Swiss showjumper Nadja Peter Steiner has had a two year doping suspension lifted by the International Federation for Equestrian Sports (FEI) after it was found that the actions of her horsebox's driver caused her horse to test positive for a banned substance.
Steiner's horse Saura de Fondcombe tested positive for o-desmethyltramadol following a meeting in Morocco in October 2017 and after Steiner was unable to account for the source of the positive test, she was hit with a two-year suspension in February, as well as being fined CHF7,500 (£6,415/$7,882/€7,014), as reported by Horse and Hound.
A month later she appealed the suspension, telling a CAS hearing that the driver of her horsebox had admitted urinating in the horse area of the lorry.
At an FEI tribunal hearing in February Steiner told the panel that after she had won a Grand Prix at the CSI3*, she had to hand the horse over to a member of the Organising Committee for the duration of the prize-giving, some 20 to 30 minutes.
There was a picture taken during this time showing the horse licking a staff member’s hand, which Steiner believed was the source of the contamination, although as she was unable to be certain, the ban and fine were imposed.
At the appeal hearing, the CAS arbitrator was told the horsebox driver who was part of Steiner's team, had taken tramadol, a metabolite of o-desmethyltramadol for back pain relief.
The driver confessed to urinating in the horse area of the lorry, but was not certain how close to the stable he was at the time.
After arriving in Morocco, because the stables were not ready, the arbitrator was told that the horses were held in the horsebox for more than two hours, where they were fed and watered.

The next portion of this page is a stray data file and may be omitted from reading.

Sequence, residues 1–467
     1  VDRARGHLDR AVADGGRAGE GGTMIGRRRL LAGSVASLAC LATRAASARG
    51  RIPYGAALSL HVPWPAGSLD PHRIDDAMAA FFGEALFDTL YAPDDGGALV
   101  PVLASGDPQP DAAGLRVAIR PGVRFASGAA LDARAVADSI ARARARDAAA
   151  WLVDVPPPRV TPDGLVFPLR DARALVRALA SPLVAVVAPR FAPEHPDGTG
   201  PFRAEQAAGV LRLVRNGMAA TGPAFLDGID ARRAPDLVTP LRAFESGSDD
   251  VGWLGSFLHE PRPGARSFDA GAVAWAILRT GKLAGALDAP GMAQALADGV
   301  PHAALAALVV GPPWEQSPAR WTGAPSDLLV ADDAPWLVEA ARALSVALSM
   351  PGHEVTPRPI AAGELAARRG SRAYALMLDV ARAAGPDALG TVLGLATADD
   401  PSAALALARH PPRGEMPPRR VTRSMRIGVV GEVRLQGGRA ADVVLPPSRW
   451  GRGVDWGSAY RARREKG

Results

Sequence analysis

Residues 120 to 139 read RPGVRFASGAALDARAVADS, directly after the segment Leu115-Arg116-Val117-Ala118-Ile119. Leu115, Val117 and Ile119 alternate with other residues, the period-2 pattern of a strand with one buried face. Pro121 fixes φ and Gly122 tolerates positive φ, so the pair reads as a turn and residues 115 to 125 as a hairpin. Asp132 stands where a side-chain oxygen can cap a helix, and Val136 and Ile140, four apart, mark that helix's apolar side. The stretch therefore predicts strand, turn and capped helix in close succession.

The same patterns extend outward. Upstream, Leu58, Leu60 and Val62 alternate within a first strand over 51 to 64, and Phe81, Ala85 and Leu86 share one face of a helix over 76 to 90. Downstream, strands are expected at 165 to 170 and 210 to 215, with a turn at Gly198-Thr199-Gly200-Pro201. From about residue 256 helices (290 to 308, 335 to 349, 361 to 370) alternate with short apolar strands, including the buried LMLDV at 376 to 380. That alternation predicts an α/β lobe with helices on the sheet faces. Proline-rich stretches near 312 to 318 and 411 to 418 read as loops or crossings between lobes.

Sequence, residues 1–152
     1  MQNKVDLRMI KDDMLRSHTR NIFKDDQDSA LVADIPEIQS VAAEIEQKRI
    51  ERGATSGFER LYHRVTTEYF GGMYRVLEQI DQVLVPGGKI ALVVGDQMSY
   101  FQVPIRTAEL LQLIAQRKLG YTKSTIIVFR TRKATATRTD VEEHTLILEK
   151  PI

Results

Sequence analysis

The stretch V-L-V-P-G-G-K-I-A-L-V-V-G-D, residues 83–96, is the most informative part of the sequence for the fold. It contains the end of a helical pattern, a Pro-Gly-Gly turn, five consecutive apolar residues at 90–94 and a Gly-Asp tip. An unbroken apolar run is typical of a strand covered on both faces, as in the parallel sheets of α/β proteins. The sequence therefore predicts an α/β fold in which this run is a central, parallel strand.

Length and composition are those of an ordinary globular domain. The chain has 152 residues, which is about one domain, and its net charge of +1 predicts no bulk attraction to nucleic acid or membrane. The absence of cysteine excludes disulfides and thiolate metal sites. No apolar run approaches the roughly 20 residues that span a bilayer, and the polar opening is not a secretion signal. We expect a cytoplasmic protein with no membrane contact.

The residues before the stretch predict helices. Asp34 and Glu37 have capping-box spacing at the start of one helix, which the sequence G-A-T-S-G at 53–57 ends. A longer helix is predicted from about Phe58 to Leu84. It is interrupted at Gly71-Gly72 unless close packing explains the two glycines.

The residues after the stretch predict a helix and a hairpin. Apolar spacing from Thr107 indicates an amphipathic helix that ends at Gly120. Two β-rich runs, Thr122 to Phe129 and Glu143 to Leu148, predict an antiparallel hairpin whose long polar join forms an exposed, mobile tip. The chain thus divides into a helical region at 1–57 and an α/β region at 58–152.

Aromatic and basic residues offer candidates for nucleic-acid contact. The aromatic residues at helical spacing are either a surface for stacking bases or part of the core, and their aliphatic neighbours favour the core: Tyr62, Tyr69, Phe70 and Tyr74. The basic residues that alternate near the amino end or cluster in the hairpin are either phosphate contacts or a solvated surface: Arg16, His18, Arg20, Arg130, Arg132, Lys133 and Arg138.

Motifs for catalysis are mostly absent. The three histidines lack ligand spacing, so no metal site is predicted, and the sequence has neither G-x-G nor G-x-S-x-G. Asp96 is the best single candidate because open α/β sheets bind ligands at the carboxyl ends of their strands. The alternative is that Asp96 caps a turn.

The leftover hay was moved from the horsebox to the stables, so the contaminated hay was accessible to the horse for an extended period of time.
The arbitrator was told the driver initially did not realise his actions could have caused the positive test, and he feared for his professional reputation and job.
Once he realised his urination in the horsebox could have led to the positive sample, he admitted his actions.
In their verdict, CAS stated that Steiner, a member of the Swiss national team for four years, was well acquainted with anti-doping rules, and that she had provided statements explaining her daily procedures to prevent contamination at home and at shows.
Steiner's driver was not aware of the specific risks of contamination, and a CAS report said it would be "difficult" for Steiner to expect her driver to urinate near the horse.
The FEI accepted that Steiner had established on a balance of probability how the substance had entered the horse’s system, namely through ingestion of contaminated hay after the driver urination following his intake of tramadol.
An FEI spokesman said as Steiner was able to provide a "plausible explanation" for the source of contamination, it was concluded she had no fault or negligence for the positive test.
As a result the FEI agreed to eliminate the suspension and fine, a settlement ratified by CAS.
Because of the presence of the banned substance in the horse’s system, the result from the event remains invalid.